NHS wants to halve serious mistakes
Posted: March 27, 2014
Posted in: Medical Negligence
Health Secretary Jeremy Hunt has suggested that individual NHS trusts draw up plans to reduce the number of serious mistakes they make every year. He hopes to potentially halve the number of serious, and avoidable, mistakes made within the NHS, with the hope to save around 6,000 lives over the next three years. The project, called ‘Sign up to Safety’, will be wholly reliant on individual trusts identifying the number of mistakes they make, from which they will each be able to draw up a plan to potentially reduce the number by half.
With many hospital deaths being preventable, recognised as “avoidable harm”, Jeremy Hunt has decided that action must be taken. “Avoidable harm” includes blood clots, medical errors and bedsores, all of which should cause 6,000 fewer deaths by 2016-17. The trusts that take action will receive reduced premiums for insurance cover.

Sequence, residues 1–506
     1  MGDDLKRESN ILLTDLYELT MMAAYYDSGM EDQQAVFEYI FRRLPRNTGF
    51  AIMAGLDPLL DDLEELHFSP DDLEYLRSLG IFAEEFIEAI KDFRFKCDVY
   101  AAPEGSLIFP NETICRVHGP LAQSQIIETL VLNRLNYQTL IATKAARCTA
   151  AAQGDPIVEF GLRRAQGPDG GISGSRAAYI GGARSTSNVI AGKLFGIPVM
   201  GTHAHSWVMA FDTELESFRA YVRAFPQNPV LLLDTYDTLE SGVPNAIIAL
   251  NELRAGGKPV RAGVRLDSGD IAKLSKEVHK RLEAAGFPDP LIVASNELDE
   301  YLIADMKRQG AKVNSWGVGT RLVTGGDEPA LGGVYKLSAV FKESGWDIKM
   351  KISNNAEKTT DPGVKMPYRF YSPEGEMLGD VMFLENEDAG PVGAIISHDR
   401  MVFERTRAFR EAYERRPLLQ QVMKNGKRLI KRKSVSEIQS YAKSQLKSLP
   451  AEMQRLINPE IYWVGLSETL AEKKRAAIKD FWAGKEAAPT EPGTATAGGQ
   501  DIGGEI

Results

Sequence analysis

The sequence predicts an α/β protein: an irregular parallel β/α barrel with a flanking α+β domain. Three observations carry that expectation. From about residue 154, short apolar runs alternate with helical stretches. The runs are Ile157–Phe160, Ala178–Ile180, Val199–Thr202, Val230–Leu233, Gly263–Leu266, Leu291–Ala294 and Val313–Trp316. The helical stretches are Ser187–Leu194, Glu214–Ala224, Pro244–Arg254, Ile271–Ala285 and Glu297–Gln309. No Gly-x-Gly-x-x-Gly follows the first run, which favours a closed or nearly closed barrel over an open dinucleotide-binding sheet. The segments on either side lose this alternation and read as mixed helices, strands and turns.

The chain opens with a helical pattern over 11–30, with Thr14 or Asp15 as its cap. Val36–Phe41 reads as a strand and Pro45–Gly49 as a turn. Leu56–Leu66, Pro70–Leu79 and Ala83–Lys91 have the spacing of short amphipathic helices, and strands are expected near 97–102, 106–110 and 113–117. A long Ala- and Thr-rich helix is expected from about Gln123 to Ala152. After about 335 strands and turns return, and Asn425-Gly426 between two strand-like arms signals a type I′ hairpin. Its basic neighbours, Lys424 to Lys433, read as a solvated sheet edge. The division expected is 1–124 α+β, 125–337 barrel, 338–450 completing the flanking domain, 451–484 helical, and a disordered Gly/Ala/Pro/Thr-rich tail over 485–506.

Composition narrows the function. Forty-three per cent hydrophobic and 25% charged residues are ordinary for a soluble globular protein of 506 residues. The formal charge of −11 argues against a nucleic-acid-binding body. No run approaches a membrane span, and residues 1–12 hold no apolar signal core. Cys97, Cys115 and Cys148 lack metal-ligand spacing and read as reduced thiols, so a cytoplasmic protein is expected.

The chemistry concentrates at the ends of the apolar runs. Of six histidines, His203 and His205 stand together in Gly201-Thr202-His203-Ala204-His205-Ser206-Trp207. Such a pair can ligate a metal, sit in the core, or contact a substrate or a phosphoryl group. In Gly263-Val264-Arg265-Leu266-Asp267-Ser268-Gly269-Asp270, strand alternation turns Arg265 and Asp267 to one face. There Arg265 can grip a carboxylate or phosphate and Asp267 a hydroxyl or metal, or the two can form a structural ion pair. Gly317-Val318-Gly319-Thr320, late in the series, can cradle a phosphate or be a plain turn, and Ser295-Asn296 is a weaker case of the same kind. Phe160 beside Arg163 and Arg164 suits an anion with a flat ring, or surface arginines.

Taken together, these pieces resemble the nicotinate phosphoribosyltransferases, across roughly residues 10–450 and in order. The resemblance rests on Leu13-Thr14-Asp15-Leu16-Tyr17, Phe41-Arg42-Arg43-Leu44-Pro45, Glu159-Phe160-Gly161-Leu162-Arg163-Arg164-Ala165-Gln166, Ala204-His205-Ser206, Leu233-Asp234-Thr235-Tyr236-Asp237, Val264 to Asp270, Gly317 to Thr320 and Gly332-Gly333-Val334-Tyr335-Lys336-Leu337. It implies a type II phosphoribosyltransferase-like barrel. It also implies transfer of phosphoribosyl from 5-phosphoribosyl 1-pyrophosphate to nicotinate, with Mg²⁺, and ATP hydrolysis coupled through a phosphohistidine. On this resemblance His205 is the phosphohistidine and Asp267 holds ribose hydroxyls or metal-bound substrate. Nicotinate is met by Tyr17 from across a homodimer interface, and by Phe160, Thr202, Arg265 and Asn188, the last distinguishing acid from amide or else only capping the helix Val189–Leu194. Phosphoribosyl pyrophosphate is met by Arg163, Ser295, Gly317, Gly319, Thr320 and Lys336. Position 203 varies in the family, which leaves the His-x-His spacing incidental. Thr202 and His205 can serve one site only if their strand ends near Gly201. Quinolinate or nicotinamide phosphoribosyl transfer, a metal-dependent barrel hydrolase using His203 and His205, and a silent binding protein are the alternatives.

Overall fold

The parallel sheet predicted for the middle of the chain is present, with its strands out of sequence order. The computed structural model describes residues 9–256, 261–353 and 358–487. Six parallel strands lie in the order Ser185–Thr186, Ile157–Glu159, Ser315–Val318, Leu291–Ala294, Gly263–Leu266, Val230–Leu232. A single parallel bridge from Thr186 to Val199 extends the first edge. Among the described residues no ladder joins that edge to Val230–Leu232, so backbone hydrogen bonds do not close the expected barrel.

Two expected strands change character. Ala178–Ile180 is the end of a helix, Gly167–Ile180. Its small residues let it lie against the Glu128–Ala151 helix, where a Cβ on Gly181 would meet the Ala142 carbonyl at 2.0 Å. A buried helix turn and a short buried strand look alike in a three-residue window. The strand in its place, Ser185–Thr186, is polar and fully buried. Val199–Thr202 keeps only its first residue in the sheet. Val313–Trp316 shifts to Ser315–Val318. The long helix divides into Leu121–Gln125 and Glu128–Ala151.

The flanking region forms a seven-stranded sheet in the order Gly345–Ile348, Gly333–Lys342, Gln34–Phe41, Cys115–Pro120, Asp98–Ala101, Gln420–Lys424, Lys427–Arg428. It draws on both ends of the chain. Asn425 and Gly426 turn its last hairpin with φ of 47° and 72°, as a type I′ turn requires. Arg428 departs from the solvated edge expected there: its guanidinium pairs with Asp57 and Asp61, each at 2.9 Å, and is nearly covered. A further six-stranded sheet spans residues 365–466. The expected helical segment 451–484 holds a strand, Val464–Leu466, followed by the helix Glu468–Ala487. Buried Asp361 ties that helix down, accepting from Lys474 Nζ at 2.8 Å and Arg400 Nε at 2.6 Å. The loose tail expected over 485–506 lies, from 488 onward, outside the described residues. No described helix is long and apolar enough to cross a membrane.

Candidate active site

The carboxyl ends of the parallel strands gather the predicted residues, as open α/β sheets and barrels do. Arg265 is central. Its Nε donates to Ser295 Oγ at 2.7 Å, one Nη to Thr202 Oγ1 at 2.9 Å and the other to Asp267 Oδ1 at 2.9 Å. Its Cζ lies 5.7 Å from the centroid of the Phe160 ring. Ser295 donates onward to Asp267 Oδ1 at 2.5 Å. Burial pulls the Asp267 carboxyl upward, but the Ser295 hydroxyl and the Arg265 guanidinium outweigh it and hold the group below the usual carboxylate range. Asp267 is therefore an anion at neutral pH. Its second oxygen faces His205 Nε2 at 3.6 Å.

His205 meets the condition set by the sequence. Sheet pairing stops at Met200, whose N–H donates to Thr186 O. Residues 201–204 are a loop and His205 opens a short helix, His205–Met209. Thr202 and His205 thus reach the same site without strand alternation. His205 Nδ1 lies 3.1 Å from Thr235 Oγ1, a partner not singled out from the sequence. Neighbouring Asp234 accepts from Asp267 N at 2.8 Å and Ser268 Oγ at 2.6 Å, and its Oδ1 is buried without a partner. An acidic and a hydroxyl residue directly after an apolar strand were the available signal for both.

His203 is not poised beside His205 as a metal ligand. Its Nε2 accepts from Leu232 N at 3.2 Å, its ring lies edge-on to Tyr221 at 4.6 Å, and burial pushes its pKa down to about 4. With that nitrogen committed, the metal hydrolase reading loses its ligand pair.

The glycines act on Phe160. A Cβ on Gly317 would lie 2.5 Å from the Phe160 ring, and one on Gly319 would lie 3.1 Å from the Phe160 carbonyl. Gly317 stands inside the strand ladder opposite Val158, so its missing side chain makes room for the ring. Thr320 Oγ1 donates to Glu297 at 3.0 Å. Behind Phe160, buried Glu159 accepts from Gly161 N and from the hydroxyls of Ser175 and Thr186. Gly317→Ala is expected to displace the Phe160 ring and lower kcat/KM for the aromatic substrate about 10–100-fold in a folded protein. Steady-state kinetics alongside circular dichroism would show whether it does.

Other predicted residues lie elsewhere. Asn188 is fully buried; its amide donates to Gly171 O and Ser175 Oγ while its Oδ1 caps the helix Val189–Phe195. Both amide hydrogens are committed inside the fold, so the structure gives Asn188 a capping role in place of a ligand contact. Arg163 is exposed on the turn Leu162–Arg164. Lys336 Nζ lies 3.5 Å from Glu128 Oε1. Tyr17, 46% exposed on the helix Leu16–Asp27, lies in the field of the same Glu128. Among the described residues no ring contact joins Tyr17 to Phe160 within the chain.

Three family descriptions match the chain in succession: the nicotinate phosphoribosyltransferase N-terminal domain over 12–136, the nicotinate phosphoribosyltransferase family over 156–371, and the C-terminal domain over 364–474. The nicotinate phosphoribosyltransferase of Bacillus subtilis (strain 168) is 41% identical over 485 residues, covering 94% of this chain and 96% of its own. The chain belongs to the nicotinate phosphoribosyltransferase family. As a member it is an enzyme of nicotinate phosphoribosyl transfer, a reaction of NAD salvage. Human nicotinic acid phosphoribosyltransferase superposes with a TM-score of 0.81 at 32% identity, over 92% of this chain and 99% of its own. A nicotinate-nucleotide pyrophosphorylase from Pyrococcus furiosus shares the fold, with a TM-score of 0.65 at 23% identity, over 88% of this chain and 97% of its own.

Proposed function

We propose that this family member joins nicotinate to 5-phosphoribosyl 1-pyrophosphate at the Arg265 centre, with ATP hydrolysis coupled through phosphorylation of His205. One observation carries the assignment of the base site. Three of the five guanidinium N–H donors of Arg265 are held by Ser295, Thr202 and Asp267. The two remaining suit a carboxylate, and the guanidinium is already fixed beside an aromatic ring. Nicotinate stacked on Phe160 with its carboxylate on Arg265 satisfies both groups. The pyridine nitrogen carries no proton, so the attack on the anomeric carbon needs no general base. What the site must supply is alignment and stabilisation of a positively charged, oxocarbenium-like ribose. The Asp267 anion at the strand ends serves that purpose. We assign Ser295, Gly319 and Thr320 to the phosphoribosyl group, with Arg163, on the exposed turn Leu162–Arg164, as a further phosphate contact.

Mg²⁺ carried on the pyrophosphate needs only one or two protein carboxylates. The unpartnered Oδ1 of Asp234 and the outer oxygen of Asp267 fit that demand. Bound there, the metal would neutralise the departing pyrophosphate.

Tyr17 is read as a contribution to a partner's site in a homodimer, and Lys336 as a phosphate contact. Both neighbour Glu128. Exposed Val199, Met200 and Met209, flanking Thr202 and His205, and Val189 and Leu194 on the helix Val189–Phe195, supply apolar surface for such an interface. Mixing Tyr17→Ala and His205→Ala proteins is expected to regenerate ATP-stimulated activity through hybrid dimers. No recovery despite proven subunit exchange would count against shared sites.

“Once-in-a-generation opportunity to save lives”
The major drive has been accompanied by numerous other measures designed to improve the health service’s safety. Even though an improvement within hospitals is currently the primary aim, mental health trusts and community services will soon also be urged to take part.
Peter Walsh from the campaigning group Action Against Medical Accidents commended the health secretary for his decision to make such bold improvements.
Mr Hunt said: “We now have a once-in-a-generation opportunity to save lives and prevent avoidable harm – which will empower staff and save money that can be re-invested in patient care.”
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